Nusa Dua, Bali – Decarbonisation is a challenge for developing countries during the green energy transition, analysts say Monday (5/9). Developing countries and countries with large fossil fuel sectors are expected to spend more on physical, relative to gross domestic product (GDP), decarbonisation and low-carbon growth.
Director of the Australian National University (ANU) Center for Climate Economics and Policy (ANU), Frank Jotzo, said the matter has an impact on job losses. In his view, the calculation of fossil fuel replacement will cost a lot of money and also needs to be taken into account. “This is a real concern. In this case, countries need to make certain strategies to see practical steps in providing good infrastructure services, but also affordable for consumers and industry,” he said at the plenary session of the T20 Summit, entitled “Smoothing Green and Just Energy Transition”, 5-6 September 2022 in Nusa Dua, Bali.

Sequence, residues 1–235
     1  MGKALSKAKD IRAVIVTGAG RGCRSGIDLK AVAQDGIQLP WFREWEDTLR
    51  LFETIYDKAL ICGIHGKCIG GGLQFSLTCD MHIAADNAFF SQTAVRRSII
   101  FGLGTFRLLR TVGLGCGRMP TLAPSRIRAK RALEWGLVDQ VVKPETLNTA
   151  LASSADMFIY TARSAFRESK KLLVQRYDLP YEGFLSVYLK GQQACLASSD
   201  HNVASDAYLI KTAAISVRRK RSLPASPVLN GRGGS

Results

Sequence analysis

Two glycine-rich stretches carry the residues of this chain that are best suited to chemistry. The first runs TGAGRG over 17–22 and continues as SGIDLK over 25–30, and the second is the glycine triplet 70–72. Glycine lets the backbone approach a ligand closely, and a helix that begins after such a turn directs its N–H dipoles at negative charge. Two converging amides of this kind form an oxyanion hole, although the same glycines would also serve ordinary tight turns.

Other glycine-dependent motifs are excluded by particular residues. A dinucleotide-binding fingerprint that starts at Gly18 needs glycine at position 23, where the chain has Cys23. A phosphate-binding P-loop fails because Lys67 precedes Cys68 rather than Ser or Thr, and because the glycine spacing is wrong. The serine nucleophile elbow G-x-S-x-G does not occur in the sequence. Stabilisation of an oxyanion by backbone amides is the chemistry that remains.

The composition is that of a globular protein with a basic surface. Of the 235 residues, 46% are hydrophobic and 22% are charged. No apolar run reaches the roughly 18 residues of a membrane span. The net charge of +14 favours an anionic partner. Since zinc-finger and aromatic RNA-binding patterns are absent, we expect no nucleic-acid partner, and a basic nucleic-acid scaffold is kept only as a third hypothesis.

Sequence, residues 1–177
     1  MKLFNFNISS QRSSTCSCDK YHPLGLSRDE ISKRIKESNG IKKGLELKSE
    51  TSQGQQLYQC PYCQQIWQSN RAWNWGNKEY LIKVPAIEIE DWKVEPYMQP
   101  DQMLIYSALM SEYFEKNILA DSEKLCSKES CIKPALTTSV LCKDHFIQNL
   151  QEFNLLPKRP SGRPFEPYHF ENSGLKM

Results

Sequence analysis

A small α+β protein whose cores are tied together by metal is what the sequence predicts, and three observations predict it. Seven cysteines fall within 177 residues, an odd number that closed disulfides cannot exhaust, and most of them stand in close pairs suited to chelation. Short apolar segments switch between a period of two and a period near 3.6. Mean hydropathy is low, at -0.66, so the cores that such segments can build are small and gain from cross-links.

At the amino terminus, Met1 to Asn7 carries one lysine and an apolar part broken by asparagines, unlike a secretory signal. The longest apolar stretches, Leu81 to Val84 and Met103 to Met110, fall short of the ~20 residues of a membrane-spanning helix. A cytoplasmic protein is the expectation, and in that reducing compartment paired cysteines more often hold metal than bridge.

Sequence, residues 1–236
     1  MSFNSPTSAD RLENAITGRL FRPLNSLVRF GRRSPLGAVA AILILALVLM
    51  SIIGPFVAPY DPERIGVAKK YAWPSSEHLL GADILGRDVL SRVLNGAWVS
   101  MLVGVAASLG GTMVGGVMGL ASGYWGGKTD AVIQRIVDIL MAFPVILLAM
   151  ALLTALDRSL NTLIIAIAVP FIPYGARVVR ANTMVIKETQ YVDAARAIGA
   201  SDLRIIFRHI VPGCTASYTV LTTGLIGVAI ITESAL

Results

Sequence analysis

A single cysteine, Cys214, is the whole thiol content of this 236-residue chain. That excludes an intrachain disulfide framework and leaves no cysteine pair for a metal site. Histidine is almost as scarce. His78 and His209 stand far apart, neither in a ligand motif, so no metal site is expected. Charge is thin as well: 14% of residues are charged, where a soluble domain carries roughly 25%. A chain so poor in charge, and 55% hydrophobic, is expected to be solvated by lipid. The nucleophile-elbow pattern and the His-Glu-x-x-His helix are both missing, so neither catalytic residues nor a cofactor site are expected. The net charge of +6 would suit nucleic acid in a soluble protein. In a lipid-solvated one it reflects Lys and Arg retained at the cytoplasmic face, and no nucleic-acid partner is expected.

Indonesia is currently holding the G20 presidency, until its summit in November 2022. Along with the G20 presidency, T20 is an engagement group that becomes a forum for experts and analysts to discuss in recommending solutions that will be utilized in the upcoming G20 summit or Leaders Summit. Experts are expected to provide various insights on the efforts that the public or private sector can take to ensure a smooth green and energy transition and how the G20 can contribute to the process.
Some of the panelists in this session included Director of the German Development Institute (DIE) Anna-Katharina Hornidge, Director of the Australian National University (ANU) Center for Climate Economics and Policy (ANU) Frank Jotzo, Vice President of Regional Office Asia The Rockefeller Foundation Deepali Khanna, Deputy Director/Chairman Global Sector for Renewable Energy Global Green Growth Institute (GGGI) Nishant Bhardwaj.
The Rockefeller Foundation’s Vice President for Asia Regional Office Deepali Khanna assessed that there is an important role to play in the green energy transition, namely negotiations, political and economic stability. He said, heading towards the energy transition, it is important to move away from political perspectives such as the current Russo-Ukrainian war. (Hartatik)